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Violence against women

Sex Discrimination

Violence against women

Violence against women continues to be one of the most prevalent human rights abuses in Australia, and around the world. One in three women in Australia will experience violence in her lifetime and one in five will experience sexual violence.[1]

The United Nations Declaration on the Elimination of Violence against Women 1993 defines violence against women as:

‘any act of gender-based violence that results in, or is likely to result in, physical, sexual or psychological harm or suffering to women, including threats of such acts, coercion or arbitrary deprivation of liberty, whether occurring in public or in private life.’[2]

Gender based violence is both a cause and consequence of gender inequality, and has been recognised as a form of discrimination, on the basis of sex and gender, under Article 1 of the CEDAW. This form of discrimination seriously inhibits women’s ability to enjoy and exercise their human rights and fundamental freedoms.[3]

Violence against women and girls occurs in the family (for example, domestic and family violence, marital rape, forced marriage); the community (for example, sexual assault, sexual harassment); the state (for example, violence against women in prisons and in institutional settings); and in a transnational context (for example, trafficking, violence against refugee women, migrant women and migrant women workers).

If you, or someone you know, is experiencing violence, contact the police (000) or for 24/7 national counselling helpline, information and support contact 1800 RESPECT (1800 737 732) or

What is the Sex Discrimination Commissioner doing about violence against women?

The Sex Discrimination Commissioner’s 2010 Gender Equality Blueprint identified preventing and reducing violence against women as one of the five priority areas that significantly affect the public and private lives of Australian’s. The Blueprint includes recommendations for preventing and reducing violence against women, and improving responses when such violence does occur:

To reduce the incidence of violence against women and ensure women who experience violence have access to adequate support:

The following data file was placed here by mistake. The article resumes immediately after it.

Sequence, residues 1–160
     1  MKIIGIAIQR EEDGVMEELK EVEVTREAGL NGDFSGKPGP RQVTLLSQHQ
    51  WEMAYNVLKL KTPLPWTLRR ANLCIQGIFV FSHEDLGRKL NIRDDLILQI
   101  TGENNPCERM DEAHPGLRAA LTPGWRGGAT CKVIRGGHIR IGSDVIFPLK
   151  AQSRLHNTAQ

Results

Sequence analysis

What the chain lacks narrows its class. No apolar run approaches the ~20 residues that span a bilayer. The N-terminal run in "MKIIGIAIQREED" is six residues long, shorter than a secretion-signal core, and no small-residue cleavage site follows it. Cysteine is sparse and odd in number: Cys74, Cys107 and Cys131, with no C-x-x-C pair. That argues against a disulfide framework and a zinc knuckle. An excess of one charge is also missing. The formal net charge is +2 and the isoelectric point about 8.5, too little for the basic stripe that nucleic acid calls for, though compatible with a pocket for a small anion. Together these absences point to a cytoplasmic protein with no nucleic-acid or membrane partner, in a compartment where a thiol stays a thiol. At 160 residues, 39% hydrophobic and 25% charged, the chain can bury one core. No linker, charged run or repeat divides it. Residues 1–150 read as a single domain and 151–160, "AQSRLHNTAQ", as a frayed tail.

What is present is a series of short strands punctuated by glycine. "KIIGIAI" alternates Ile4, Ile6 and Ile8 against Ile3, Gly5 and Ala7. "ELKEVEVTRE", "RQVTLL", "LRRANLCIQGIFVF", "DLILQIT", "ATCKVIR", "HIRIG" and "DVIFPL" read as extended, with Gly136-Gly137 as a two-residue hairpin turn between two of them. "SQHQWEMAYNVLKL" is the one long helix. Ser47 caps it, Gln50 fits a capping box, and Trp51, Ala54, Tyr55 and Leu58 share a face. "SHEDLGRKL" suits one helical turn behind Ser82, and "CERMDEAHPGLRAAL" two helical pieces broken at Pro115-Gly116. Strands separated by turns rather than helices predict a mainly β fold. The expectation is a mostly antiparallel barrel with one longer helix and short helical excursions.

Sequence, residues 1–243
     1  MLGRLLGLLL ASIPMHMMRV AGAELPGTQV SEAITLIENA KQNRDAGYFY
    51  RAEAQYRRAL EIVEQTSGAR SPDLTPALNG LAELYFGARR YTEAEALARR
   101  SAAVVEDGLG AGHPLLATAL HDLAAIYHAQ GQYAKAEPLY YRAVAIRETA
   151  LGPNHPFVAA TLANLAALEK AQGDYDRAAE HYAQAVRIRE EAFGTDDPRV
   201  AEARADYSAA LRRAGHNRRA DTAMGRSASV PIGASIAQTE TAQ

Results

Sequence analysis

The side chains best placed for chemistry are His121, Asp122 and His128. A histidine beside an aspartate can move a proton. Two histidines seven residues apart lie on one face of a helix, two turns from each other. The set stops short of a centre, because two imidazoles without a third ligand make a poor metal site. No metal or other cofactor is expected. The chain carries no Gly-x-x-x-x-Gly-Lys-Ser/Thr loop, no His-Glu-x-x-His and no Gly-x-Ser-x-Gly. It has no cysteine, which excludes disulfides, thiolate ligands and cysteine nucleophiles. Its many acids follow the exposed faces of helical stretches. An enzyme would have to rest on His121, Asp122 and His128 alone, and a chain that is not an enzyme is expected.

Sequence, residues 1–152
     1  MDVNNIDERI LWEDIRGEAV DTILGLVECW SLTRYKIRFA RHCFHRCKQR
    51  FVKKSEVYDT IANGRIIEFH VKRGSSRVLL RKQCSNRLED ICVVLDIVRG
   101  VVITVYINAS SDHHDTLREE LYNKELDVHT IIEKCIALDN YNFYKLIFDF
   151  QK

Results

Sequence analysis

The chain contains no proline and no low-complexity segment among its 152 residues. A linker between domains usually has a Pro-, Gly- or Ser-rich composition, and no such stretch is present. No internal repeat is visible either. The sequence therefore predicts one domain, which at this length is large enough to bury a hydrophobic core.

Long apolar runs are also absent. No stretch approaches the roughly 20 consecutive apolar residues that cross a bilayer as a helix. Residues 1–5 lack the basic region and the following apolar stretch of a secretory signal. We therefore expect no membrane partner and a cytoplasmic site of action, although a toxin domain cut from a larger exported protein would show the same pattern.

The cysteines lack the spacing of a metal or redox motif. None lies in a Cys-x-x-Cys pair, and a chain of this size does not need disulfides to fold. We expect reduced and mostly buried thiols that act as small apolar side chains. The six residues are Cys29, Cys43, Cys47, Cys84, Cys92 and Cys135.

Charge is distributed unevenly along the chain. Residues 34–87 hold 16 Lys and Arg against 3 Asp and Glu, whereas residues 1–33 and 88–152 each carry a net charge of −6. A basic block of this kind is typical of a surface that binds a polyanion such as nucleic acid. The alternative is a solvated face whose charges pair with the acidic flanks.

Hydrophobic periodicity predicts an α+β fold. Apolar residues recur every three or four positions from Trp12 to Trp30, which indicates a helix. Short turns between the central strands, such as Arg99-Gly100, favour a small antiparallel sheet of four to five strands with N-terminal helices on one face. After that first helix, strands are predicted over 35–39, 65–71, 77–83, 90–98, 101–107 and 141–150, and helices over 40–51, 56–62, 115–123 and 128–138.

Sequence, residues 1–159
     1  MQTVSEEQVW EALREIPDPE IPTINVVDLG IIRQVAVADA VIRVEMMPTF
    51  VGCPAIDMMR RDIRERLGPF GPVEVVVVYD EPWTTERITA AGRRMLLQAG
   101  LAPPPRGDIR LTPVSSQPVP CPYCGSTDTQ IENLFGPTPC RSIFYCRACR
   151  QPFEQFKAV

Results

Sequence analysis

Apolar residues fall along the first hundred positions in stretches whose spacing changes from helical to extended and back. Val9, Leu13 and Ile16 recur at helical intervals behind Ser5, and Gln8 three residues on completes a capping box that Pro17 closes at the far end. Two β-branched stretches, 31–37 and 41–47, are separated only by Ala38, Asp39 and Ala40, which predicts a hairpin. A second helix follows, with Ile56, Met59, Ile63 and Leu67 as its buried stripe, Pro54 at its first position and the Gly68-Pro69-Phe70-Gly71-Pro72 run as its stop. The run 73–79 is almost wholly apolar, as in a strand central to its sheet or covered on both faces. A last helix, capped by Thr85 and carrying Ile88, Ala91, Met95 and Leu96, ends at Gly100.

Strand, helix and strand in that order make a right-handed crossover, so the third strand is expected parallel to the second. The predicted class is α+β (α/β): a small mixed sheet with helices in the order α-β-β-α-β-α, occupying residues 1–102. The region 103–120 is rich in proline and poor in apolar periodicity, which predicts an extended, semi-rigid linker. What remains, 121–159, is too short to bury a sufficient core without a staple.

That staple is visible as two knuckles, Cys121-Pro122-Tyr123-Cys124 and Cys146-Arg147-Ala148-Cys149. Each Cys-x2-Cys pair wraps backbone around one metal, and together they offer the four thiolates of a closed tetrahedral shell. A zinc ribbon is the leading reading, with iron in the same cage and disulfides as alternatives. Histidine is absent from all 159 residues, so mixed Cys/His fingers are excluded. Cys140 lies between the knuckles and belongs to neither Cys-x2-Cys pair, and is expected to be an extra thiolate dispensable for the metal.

• both national structures and adequate Commonwealth funding should be in place to support coordinated and strategic implementation of the National Plan to Reduce Violence Against Women across jurisdictions and sectors

  • a suitable independent statutory office to monitor and inform the development of the National Plan should be identified and adequately funded. It should contribute to the development of a national research and education agenda and promote best practices.

  • services responding to the needs of women and girls who have experienced violence should be adequately funded as an urgent priority

  • independent advocacy organisations and representatives should be adequately resourced to contribute to the development and evaluation of the National Plan

  • the Australian Government should invite the UN Special Rapporteur on Violence Against Women to visit Australia to contribute to independent monitoring of the nation’s ‘zero tolerance’ approach to gender-based violence.

Current initiatives to address violence against women include:

  • The National Plan to Reduce Violence against Women and Their Children
  • Domestic and family violence - a workplace issue, a discrimination issue
  • The Haven Project
  • Violence against women and girls with disability
  • UN Special Rapporteur on violence against women, including its causes and consequences
  • Australian National Action Plan on Women, Peace and Security
  • Trafficking, slavery and slavery-like practices



[1] Australian Bureau of Statistics, Personal Safety Survey 2012 (2013). At: (viewed 20 November 2013).

[2] United Nations General Assembly, Declaration on the Elimination of Violence against Women (1993).  (viewed 3 September 2014).

[3] Committee on the Elimination of Discrimination against Women, General Recommendations No. 19 – Violence against women, CEDAW/C/GC/19 (1992); and General Recommendation No. 28 - the core obligations of States parties under article 2 of the Convention on the Elimination of All Forms of Discrimination against Women, CEDAW/C/GC/28 (2010). At: (viewed 7 October 2014).